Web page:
Women working in the NSW public sector have experienced more meaningful flexible work during COVID-19 and many want the arrangements to continue, a new survey has revealed.
The What Women Want survey, conducted by the Public Service Association, found that women in the NSW public sector would like to continue to access flexible work arrangements post-COVID. Many women surveyed indicated they had been getting more work done, felt more effective and could balance their caring responsibilities better while working from home during the pandemic.
Despite the public service in NSW adhering to an “if not, why not” flexible work policy, one in 10 of the 5000 women surveyed said they had had a flexible work request rejected prior to COVID-19.
“I requested to work from home one day a week on three separate occasions and was rejected each time. I was most aggrieved given various internal communications noting we were an ‘agile’ workplace,” one respondent to the survey wrote.
“I am now work from home like everyone else given COVID but would really like to continue a regular option to do so if/when we return to normal.”
Another respondent said: “I requested work from home for over three years, it was finally agreed to for one day per fortnight. It took a lot of negotiation and involvement from PSA to achieve this. Funny how we are all working from home now during COVID-19, but
took years to approve one day per fortnight.”
The two flexible work arrangements most important to women surveyed was the ability to access leave when needed (81 per cent) and having flexible work hours (80 per cent). Meanwhile 52 per cent of respondents marked the ability to work from home or off site as important.
Stewart Little, general secretary of the Public Service Administration, said COVID-19 has changed old-fashioned ideas about office-based productivity and it’s clear women in the NSW public service want workplace flexibility to continue in the wake of the pandemic.
“What concerns us is that the experience of public sector women isn’t reflecting the policies in place. Women were telling us up until COVID-19 securing consistent work from home and other flexible options were often rejected, or looked upon with suspicion,” Little said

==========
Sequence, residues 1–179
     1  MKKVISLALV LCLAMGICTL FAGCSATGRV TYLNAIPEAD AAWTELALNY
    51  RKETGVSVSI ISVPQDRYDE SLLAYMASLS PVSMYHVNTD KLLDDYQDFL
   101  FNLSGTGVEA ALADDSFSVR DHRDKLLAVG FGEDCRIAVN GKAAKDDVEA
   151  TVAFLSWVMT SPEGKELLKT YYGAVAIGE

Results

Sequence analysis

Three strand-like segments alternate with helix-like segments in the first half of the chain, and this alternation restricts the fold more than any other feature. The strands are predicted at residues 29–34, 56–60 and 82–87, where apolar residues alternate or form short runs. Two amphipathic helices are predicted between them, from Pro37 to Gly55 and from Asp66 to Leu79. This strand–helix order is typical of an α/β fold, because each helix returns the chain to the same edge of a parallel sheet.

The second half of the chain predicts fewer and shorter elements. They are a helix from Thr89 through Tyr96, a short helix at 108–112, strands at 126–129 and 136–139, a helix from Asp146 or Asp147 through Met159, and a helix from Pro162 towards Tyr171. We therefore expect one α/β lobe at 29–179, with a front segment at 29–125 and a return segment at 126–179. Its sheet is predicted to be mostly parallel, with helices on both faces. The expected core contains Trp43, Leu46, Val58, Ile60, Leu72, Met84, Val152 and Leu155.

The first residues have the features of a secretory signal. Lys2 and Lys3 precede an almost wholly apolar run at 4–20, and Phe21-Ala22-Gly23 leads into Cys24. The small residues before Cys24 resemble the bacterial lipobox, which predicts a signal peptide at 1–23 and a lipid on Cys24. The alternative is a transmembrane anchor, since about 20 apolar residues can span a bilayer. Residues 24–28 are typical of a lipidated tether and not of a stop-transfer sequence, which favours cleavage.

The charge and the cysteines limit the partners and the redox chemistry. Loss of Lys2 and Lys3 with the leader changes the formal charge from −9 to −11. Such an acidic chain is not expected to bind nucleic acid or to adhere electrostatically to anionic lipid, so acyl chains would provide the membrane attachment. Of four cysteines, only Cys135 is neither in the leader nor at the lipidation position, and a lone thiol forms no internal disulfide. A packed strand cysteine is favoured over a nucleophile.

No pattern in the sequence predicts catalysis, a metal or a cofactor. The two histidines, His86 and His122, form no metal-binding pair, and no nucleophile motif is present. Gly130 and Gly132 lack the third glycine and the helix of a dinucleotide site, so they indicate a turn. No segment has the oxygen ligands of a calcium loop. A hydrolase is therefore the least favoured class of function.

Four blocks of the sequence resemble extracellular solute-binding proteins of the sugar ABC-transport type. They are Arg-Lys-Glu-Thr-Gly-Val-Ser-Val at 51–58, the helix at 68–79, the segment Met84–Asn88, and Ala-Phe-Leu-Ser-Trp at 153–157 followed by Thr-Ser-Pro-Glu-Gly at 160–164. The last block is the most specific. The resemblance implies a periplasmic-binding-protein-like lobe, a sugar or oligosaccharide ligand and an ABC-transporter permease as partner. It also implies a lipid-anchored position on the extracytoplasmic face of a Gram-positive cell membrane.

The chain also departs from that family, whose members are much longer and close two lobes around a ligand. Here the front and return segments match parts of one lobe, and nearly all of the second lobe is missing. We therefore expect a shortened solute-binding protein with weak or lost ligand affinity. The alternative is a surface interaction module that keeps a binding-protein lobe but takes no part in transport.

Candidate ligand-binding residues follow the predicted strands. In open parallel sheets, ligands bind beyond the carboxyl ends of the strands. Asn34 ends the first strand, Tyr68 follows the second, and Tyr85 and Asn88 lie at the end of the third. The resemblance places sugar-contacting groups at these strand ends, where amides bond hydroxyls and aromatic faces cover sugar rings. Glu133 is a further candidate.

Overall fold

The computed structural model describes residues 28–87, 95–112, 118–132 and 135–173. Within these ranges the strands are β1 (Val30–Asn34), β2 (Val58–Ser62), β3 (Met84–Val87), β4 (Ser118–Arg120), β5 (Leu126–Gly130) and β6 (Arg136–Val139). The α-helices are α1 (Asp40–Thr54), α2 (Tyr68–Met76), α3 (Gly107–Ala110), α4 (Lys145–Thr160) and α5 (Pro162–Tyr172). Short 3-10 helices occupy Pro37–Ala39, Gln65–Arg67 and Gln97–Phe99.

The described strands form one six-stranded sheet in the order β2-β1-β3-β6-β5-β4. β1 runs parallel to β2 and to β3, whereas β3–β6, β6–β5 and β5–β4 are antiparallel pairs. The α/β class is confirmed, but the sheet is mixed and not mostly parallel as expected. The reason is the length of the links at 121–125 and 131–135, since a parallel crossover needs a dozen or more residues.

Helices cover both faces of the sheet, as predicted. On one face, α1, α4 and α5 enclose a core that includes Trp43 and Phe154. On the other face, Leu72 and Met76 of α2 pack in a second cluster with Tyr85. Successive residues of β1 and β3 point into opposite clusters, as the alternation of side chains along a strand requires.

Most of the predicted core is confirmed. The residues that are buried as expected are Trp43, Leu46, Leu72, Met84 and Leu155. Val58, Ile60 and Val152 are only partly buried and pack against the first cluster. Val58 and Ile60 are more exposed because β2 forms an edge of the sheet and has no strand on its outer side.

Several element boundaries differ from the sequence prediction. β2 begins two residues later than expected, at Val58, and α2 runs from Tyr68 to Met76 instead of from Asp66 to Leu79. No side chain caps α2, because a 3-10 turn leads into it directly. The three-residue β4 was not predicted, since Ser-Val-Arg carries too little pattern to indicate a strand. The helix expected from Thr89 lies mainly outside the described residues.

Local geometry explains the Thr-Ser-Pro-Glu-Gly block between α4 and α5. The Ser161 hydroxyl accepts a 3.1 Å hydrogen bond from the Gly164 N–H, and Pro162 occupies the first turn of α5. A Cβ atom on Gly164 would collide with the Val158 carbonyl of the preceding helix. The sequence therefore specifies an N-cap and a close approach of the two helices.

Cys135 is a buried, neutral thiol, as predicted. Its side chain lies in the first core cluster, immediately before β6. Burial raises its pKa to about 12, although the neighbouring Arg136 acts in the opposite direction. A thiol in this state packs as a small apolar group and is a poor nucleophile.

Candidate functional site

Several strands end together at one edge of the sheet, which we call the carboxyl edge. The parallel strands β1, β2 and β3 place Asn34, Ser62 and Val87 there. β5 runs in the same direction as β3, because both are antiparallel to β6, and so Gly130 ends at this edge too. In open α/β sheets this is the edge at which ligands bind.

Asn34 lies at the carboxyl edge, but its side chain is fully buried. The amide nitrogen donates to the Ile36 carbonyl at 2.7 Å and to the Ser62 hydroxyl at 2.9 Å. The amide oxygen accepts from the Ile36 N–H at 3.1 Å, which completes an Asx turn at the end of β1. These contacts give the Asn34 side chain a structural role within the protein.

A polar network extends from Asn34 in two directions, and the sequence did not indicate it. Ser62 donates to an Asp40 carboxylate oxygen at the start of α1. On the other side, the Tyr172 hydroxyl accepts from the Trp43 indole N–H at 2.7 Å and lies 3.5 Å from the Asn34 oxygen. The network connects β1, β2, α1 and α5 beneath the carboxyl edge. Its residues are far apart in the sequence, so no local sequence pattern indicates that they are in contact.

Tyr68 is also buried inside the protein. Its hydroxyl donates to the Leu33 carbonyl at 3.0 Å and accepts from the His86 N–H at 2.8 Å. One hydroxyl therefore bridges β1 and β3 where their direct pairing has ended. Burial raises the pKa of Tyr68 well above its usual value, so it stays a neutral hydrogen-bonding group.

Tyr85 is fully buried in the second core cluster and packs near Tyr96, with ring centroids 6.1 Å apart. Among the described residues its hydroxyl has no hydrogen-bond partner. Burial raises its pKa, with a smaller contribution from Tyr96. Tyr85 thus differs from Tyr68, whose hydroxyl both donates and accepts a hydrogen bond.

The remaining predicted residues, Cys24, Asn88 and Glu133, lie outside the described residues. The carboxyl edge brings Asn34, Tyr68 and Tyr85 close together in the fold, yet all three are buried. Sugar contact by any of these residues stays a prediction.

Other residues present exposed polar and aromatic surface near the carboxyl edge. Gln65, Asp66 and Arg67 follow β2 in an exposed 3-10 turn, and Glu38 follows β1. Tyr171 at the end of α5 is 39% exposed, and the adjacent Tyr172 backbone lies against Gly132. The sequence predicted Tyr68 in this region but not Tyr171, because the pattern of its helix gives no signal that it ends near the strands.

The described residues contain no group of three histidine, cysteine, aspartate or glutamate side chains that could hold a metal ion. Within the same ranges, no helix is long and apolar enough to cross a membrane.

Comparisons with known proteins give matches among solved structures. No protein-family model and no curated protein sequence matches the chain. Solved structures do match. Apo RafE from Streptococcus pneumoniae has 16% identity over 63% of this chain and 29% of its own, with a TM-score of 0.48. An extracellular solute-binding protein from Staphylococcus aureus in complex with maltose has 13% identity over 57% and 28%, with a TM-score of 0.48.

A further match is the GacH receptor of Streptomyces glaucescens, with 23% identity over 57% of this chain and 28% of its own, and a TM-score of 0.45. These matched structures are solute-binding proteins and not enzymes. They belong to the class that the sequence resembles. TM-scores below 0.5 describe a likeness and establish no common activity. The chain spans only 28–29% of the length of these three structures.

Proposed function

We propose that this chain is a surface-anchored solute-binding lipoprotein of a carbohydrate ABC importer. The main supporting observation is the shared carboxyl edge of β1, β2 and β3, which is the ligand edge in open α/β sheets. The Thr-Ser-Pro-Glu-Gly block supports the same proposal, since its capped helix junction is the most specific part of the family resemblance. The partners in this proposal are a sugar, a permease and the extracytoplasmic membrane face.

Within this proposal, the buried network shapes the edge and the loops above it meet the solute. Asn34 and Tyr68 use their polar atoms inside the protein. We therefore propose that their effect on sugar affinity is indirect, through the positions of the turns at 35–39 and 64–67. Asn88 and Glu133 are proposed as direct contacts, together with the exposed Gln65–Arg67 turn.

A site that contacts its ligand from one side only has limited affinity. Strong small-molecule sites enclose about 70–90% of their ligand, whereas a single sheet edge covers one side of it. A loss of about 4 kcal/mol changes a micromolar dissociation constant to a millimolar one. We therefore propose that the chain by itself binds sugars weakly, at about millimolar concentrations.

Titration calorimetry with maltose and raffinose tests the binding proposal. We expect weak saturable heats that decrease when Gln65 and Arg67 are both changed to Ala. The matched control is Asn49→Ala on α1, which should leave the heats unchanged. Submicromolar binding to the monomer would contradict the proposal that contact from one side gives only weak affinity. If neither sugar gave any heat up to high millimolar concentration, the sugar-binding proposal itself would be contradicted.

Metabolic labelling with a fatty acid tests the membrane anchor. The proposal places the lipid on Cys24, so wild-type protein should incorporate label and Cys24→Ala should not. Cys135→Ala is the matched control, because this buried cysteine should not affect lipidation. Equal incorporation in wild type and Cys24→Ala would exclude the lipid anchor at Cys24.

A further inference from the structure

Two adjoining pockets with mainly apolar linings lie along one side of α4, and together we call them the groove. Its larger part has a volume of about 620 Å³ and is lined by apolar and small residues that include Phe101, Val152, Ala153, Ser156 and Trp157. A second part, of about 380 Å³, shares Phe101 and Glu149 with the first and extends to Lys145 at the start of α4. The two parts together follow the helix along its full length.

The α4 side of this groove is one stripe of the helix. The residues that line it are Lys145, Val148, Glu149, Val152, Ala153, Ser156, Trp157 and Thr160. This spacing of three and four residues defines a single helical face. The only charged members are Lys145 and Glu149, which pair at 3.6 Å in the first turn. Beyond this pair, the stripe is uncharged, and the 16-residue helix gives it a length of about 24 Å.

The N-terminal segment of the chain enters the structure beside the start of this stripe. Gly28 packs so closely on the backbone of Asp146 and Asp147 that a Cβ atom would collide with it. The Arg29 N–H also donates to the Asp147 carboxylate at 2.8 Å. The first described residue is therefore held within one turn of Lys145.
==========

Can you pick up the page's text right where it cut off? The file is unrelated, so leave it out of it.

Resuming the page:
“Meaningful flexible work for women isn’t about taking Zoom meetings at home. It is about making work fit with the reality of women’s lives – such as offering more job sharing and part-time roles.”
Just over 40 per cent of the women surveyed where satisfied or very satisfied with their current work/life balance, but 30 per cent said they are dissatisfied or very dissatisfied.
For prison worker Nicole Jess, her rostered hours don’t offer much when it comes to flexible working arrangements, but she says if more employees could job share, it would make it easier to return from parental leave.
“Prisons are long term, secure work – but we need to make the availability of work there more flexible,” she said. “If women could job share or more easily go part-time that would be a huge plus.”
“We also need to see more women promoted into managerial roles, so that we can have more diversity in who is leading our prisons and managing officers.”
With fewer women than men in senior leadership positions with the NSW public sector, there is also an ongoing gender pay gap of 2.2 per cent.
“Women were telling us the wage gaps persists because men are appointed to the high-paid positions,” Stewart Little said. “But there are also systemic problems, were female-dominated sectors are underpaid.
When asked what the most important issues are to them at work, looking to the next twelve months, improving flexible work and pay equity were the biggest issues for women.